In February 2017, Gaga put on one of the best Super Bowl Halftime Show's in recent history, delivering an electric 13-minute performance that included the pop star leaping from the roof of the stadium, a subtle political statement, outfit changes and more. There was no need for any special guests; she was more than enough.
"I've been planning this since I was 4, so I know exactly what I'm going to do," the singer said in a promotional behind-the-scenes video for the show. "For me, it's all about giving to the fans and bringing people together that wouldn't normally come together. The thing is, it's such a big world stage in terms of how many people see it and it's been done so many times."
But after one of the biggest milestones of her career, Gaga was forced to respond to body-shamers a few days after her Super Bowl performance.
"I heard my body is a topic of conversation so I wanted to say, I'm proud of my body and you should be proud of yours too. No matter who you are or what you do. I could give you a million reasons why you don't need to cater to anyone or anything to succeed," she wrote on Instagram. "Be you, and be relentlessly you. That's the stuff of champions."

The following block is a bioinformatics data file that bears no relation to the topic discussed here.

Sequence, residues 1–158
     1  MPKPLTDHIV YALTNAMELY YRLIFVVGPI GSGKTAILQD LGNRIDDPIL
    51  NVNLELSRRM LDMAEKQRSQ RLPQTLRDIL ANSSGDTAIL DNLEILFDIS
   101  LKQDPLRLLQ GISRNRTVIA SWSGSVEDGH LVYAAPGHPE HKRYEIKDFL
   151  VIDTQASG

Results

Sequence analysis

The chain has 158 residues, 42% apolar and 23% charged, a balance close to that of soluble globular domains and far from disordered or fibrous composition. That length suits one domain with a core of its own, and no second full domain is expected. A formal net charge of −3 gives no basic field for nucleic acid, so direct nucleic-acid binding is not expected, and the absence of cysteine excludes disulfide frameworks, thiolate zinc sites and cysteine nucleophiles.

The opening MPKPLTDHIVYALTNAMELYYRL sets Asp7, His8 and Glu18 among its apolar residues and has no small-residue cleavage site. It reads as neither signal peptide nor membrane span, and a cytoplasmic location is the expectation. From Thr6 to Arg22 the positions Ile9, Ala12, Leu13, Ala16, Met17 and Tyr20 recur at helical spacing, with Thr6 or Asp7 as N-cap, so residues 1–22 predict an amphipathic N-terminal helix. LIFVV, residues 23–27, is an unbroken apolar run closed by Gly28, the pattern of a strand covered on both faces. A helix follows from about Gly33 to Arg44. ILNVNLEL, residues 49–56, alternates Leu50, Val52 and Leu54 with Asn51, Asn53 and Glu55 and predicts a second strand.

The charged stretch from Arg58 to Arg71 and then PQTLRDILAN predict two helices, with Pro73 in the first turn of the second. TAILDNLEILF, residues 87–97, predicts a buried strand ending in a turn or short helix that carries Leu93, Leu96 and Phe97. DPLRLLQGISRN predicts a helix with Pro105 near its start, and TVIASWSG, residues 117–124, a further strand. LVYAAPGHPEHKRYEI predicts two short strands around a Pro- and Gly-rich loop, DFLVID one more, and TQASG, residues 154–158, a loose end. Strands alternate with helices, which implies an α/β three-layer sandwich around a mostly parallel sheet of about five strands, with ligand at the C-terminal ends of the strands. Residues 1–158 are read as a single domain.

Gaga told E! News in 2014 that she has "struggled with an eating disorder for over 10 years."
After her Instagram post, Gaga went on to Ryan Seacrest's syndicated KIIS-FM radio show to explain why she felt the need to address the critics: "I couldn't ignore that I saw my fans talking about that and that it upset them. I think other people maybe that are just like normal girls and guys who either have their own body image issues or just didn't think it was a nice thing to say [were hurt]. I just thought I would impart some of my positive attitude about it so that they felt like they had someone who was strong on their side."